Obesity and the Importance of Fat Distribution
The Importance of Fat Distribution
Where exactly in our body excess fat is stored, has a clear and documented influence on our health. It appears that people with a lot of stomach fat, or love handles, have a significantly higher risk of developing heart conditions and diabetes.
It are mostly men that store extra fat in the abdominal area. Women often store fat on their thighs and behind, which , strangely enough, actually protects them from both heart conditions and diabetes.
Replacing the BMI?
The amount of stomach fat seems to be a good predictor of health, maybe even more so than the well-known body mass index (or BMI).
To elucidate this, consider a man with a beer gut and skinny arms and legs. He will very likely have a pretty normal BMI, but is less healthy than his BMI indicates. So, in fact, he is obese without being obese. Such possibilities are why several specialists are looking to replace the BMI as health indicator. The amount of abdominal fat seems to be better suited as health parameter.
To measure this in a simple way, one simply has to measure the circumference of the waist. Men with a waist circumference of over 102 cm (about 40.15 inches) and women with a circumference of over 88 cm (about 34.65 inches) are running a higher risk of developing heart conditions and diabetes.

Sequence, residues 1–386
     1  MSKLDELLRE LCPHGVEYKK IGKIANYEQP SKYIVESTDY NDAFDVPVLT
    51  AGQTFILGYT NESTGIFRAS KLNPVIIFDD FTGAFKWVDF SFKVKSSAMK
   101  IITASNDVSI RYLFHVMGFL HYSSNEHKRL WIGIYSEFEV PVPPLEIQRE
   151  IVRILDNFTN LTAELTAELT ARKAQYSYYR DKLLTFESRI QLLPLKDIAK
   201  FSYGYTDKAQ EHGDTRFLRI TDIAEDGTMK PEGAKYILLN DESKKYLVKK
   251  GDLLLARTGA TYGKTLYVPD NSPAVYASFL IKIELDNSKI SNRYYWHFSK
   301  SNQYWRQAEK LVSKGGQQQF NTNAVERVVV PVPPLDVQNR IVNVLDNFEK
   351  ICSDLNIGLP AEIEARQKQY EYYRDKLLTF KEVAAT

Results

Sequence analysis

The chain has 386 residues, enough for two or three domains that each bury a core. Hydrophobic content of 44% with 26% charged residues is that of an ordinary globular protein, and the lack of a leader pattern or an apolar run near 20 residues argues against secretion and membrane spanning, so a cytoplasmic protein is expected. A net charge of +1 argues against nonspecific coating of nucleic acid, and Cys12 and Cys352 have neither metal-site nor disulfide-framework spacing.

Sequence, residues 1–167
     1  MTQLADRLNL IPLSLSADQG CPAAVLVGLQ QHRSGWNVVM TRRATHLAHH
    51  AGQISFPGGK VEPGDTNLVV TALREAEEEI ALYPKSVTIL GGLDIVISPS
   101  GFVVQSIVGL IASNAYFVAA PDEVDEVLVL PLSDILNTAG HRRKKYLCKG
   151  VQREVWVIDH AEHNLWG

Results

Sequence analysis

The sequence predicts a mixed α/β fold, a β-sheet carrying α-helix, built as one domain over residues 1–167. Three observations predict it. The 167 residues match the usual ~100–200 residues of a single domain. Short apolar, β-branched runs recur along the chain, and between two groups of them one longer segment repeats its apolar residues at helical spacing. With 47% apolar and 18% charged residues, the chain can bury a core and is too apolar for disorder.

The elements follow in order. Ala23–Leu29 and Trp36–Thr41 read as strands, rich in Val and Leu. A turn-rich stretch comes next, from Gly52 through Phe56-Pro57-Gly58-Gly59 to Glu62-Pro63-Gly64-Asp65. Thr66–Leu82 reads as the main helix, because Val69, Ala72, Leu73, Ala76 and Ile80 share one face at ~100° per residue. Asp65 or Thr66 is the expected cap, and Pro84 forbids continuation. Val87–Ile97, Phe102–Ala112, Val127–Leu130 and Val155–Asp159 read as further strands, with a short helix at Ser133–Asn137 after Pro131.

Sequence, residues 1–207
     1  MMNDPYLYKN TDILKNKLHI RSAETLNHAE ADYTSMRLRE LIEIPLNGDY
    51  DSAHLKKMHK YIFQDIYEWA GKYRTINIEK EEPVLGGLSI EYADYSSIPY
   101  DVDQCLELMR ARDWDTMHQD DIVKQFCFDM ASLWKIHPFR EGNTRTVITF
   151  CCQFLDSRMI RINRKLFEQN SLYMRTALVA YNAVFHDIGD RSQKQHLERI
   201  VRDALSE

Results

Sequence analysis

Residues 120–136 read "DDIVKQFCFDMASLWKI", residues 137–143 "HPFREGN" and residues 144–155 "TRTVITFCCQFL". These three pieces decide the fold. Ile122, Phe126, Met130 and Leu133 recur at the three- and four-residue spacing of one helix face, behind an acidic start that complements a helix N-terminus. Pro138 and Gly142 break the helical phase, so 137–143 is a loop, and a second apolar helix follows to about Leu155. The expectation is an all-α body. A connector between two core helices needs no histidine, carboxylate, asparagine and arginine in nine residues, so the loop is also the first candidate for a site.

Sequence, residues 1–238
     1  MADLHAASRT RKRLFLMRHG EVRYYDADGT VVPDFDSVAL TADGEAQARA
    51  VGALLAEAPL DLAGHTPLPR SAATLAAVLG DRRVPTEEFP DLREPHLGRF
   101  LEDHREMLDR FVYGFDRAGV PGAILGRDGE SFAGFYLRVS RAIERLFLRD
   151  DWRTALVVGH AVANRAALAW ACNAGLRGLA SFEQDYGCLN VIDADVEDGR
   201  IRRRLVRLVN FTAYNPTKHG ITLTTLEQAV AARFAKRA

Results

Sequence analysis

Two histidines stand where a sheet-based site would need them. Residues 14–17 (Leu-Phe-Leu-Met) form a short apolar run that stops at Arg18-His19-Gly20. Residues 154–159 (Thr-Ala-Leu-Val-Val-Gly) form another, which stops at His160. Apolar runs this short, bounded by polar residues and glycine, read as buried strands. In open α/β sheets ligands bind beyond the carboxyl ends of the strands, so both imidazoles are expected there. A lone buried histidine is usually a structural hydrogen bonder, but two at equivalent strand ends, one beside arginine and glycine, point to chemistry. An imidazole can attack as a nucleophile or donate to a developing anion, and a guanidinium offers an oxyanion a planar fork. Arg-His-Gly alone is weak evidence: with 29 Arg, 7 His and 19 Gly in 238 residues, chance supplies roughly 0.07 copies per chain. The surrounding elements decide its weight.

Why is Stomach Fat So Bad?
The reason stomach fat is more dangerous than fat from other places, is because it is very dynamic. It accumulates quickly, but it is also reduced to free fatty acids in a rapid pace. Through the bloodstream these fatty acids eventually end up in the liver, where they are recycled to new fats and sugars. Subsequently, the liver releases the fresh fats and sugars back into the bloodstream.
So, the more fatty acids arrive in the liver (thus, the more stomach fat), the more fat and sugar will be released into the blood. The consequence of this is a higher chance for the development of fat plaques in the blood vessels, which can lead to several heart conditions, and a higher sugar production, which will lead to a faster depletion of insulin, and the development of diabetes type II.
- Campos, P.; Saguy, A.; Ernsberger, P.; Oliver, E. & Gaesser, G. (2006). The epidemiology of overweight and obesity: public health crisis or moral panic? International Journal of Epidemiology. 35(1), pp. 55 – 60.
- Janssen, I.; Katzmarzyk, P.T. & Ross, R. (2004). Waist circumference and not body mass index explains obesity-related health risk. American Journal of Clinical Nutrition. 79(3), pp. 379 – 384.